Sir Lyndsay Hoyle is ready to call in police sniffer dogs to tackle the “deeply concerning” use of cocaine at the Palace of Westminster.
The Speaker said he will investigate after the Sunday Times found 11 out of 12 lavatory areas in Westminster – accessible only with parliamentary passes – were found to have traces of cocaine.
Hoyle’s intervention comes amid reports the government will take passports off illegal drug users as part of a 10-year plan to tackle drug crime, to be announced this week.
The House of Commons Commission – chaired by the Speaker and responsible for the running of parliament – is considering allowing the use of sniffer dogs to detect illegal drugs at the Palace of Westminster.
A “Westminster veteran” told the Sunday Times: “There is a cocaine culture in parliament. Some people are at it all the time and are totally blasé. Others dabble.
“Some are household names, some are ambitious young MPs and officials, but all of them risk throwing away their careers. They think they are untouchable, protected by their friends in the bubble. It’s shocking but also sad. Lots of them need help.”
‘One staffer walked in on MP doing a line at their desk’
Another source said: “I have seen an MP openly snorting cocaine at a party. There were journalists present and I warned them that what they were doing was extremely dangerous and they could be exposed but they seemed to get off on the power trip.”
A third source said “MPs tend to be more careful” than their aides and “will go back to their office” to use cocaine “rather than doing it in any of the public spaces”.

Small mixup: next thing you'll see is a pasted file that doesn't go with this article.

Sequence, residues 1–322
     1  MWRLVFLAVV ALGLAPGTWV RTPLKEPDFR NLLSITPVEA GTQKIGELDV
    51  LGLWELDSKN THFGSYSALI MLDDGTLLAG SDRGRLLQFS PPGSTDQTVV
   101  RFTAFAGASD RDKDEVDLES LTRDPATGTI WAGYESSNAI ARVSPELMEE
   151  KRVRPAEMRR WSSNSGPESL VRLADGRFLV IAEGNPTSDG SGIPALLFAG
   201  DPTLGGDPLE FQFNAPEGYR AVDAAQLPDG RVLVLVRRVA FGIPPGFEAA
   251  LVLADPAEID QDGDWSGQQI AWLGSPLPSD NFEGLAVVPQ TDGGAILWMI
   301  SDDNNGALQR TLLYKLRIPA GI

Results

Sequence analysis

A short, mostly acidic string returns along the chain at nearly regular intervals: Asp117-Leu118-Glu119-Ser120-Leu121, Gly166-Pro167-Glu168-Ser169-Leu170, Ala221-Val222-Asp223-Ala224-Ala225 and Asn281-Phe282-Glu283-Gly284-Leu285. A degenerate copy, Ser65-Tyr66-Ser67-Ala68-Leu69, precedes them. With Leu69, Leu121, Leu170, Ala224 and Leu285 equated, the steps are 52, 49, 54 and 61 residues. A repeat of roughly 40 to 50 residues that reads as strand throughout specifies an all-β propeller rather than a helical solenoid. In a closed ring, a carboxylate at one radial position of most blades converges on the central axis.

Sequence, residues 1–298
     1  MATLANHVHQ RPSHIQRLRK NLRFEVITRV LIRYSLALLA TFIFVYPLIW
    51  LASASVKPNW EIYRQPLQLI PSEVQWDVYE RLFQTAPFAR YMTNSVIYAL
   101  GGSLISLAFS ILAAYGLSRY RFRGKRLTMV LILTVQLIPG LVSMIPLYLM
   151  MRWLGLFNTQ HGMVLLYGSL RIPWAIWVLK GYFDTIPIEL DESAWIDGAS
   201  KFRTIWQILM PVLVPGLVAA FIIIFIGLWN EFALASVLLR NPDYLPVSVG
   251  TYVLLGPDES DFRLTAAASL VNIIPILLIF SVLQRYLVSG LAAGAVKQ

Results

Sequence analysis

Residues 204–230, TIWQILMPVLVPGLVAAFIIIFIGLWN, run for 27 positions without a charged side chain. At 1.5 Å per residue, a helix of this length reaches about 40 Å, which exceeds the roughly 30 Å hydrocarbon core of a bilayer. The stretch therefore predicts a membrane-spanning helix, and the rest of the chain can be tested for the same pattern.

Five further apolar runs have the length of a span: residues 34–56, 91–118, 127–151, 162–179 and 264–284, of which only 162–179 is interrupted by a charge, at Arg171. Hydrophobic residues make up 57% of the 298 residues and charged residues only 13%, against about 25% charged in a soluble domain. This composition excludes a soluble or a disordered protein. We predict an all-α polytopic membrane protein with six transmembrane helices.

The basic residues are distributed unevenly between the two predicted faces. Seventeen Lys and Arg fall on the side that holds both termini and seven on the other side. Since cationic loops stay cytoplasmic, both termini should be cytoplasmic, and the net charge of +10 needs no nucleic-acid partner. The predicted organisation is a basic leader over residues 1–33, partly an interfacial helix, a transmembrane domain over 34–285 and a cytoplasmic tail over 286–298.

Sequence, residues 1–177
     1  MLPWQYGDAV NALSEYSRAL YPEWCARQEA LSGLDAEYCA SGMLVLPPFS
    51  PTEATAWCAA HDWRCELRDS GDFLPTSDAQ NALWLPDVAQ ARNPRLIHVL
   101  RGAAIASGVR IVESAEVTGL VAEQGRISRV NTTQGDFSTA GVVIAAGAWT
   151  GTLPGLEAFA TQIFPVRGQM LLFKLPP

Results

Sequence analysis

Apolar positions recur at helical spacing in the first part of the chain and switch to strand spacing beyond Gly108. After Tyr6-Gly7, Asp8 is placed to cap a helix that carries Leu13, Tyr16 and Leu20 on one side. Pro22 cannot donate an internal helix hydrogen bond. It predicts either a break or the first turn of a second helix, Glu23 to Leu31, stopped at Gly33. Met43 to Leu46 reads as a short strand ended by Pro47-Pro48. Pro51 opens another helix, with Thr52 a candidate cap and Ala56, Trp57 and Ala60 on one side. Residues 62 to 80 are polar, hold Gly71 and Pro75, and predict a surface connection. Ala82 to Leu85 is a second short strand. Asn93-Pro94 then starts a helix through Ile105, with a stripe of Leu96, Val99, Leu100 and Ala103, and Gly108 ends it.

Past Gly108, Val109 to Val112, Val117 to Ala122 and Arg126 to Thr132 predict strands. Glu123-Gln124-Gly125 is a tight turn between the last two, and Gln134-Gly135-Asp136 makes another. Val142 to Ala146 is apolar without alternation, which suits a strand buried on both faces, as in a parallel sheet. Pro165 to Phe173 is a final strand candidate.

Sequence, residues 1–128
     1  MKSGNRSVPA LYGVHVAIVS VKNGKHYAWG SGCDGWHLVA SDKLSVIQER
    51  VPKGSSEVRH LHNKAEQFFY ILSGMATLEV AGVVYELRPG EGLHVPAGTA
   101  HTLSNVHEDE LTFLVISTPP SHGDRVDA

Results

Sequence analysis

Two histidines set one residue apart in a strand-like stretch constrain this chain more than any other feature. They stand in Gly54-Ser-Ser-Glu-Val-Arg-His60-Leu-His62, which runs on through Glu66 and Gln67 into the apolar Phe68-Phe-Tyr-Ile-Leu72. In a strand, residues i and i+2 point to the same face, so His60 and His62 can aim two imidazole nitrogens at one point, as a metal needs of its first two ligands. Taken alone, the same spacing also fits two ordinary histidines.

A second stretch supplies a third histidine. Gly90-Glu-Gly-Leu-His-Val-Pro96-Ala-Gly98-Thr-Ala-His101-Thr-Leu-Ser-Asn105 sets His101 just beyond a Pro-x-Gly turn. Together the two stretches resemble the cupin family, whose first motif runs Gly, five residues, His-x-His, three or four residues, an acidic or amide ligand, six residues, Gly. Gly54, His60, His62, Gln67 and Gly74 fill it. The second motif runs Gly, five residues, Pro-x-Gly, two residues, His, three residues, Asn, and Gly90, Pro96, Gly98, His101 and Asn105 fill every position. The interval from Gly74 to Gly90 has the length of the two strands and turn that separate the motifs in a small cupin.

“But I have heard of one staffer who walked in on their MP doing a late-night line at their desk,” the anonymous source added.
Responding to the story, speaker Hoyle told the BBC the accounts “are deeply concerning” and he “will be raising them as a priority with the Metropolitan Police next week.
“I expect to see full and effective enforcement of the law, While Parliament provides extensive support services for any staff or Members who may need help with drug misuse – and I would encourage anyone struggling with such issues to take up such help – for those who choose to flout the law and bring the institution into disrepute the sanctions are serious,” said Hoyle.
10-year plan to combat drug crime
Penalties for drug dealers are to get even tougher with the government promising a crackdown as part of their 10-year plan to combat drug crime. The plan will include measures to take driving licences and passports off illegal drug users, tougher prison sentences for dealers and action to tackle County Lines drug gangs.
“We need to look at new ways of penalising them – things that will actually interfere with their lives,” Boris Johnson told the Sun
“So we will look at taking away their passports and driving licences. We’re keeping nothing off the table.”
“Record” funding – estimated to be £700 million – to treat addicts and people in recovery will also be announced, with extra money to be pledged for the 50 most blighted local authorities.